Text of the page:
THE SHEPHERD'S PURSE.myself and the Penny Cress were used insalads, and cooked as vegetables, as wellas esteemed for medicine in old times; butnow I think men have found out so manybetter herbs and plants, that they leaveus to the sheep, who still like us verymuch. The names of many of our tribeshow that for sauces and seasoning wewere once valued. Do you see thoseplants growing down on that sandy slopenear the sea ? They are Pepper Worts,and are worth looking at ; many years agothey were used a good deal to flavourdishes, and Poor Man's Pepper, as theywere called, supplied those who were notrich enough to afford the foreign pepper.We all have a pungent, acrid, or bitingflavour, which no doubt gained for ourdifferent species the names of PepperWorts, Hedge and Treacle Mustard, andsome others."*"* There are five kinds of Sinapis or Mustard; the Arvensisor Wild Mustard, often called Charlack, the Alba, theNigra, white and common Mustard, cultivated for salads, andalso for their seeds which are ground and prepared as a condi-48

WATER CRESSES.EVA. " So you are good both for eat-ing and for seasoning food. I like theMustard and Cress very much ; our gar-dener taught me to sow it in the shape ofmy name on a piece of flannel, and it cameup so quickly."SHEP. PURSE. "And I daresay youlike the Water Cress (Nasturtium Offici-nale); there is plenty of it in that littlebrook, which once filled the castle moat,and I often see a little girl come andgather it to sell; she has a sick mother,and with the pence she earns by hercresses, she buys a little tea or gruel forher, so that I always like to hear her cryin a sort of rhymeSOh, you whom peace and plenty blessCome buy my fine spring water-cress.'ment, and were once much valued as a medicine; the S. Terml-folia, Wall Rocket, distinguished by its pleasant smell resemblingalmonds, and growing about heaps of rubbish and old walls, andthe Sinapis Amralis, chiefly found in sandy fields near the sea.The Turritis, Sisymbrium, and Erysimum, Tower, Hedge,and Treacle Mustards are different species from the Sinapis andeach other, having each varieties of their own. They are verycommon in many parts of England, growing by hedge banks orin waste lands, and neither possess much beauty.D 49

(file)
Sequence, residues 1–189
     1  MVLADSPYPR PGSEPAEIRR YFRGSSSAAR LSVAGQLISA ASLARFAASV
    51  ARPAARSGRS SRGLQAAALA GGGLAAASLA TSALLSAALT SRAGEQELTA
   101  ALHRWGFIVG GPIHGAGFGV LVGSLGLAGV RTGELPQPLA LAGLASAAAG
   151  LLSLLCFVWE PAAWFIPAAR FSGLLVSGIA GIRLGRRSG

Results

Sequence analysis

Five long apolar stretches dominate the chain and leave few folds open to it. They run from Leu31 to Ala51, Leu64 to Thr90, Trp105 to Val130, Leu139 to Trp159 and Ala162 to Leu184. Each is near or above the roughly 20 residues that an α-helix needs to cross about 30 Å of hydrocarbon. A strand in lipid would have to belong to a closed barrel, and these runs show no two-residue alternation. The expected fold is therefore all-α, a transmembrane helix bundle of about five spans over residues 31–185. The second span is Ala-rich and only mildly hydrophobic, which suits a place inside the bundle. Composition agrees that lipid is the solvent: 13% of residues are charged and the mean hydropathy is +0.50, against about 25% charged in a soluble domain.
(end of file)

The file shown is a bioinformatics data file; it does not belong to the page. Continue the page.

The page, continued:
THE SHEPHERD'S PURSE.Jbok there is some of it in blossom, you see;the flower is white, and like most of ourorder, the stem rises straight up, with theflower branching out on short stalks oneither side of it; the pod is long anddivided."EVA. " There is another flower I havefound growing by the brook which I seeis also of your family. It is prettier thanthe Cresses or Mustards, and larger too.I have often gathered it in spring, and itis a pet flower of mine, for it was the firstI found when I went into the fields afterI had had a bad fever, and was obliged tokeep in bed or in the nursery; Nursecalled it Lady Smock and'Cuckoo-flower."SHEP. PURSE. "Its botanical name isCardimine, and it is justly a favourite, forit is one of the earliest spring-flowers, andexceedingly pretty. It is sometimes lilacand striped with darker veins of the samecolour, sometimes nearly white. It comesout when the cuckoo is heard, which isthe reason it is called the Cuckoo-flower ;50